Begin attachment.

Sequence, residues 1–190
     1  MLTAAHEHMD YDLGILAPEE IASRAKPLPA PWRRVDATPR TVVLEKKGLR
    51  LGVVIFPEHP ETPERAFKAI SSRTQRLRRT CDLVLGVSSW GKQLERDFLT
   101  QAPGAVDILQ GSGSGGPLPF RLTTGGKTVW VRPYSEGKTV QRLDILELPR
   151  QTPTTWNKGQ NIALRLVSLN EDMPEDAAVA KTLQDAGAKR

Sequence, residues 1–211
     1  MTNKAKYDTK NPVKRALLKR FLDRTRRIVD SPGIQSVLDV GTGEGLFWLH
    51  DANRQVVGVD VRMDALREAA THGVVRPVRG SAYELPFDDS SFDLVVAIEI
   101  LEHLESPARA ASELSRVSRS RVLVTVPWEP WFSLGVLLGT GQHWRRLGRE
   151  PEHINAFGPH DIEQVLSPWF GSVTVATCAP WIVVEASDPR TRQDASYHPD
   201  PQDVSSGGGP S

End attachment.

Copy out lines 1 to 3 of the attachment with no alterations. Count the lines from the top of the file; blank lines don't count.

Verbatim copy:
Sequence, residues 1–190
     1  MLTAAHEHMD YDLGILAPEE IASRAKPLPA PWRRVDATPR TVVLEKKGLR
    51  LGVVIFPEHP ETPERAFKAI SSRTQRLRRT CDLVLGVSSW GKQLERDFLT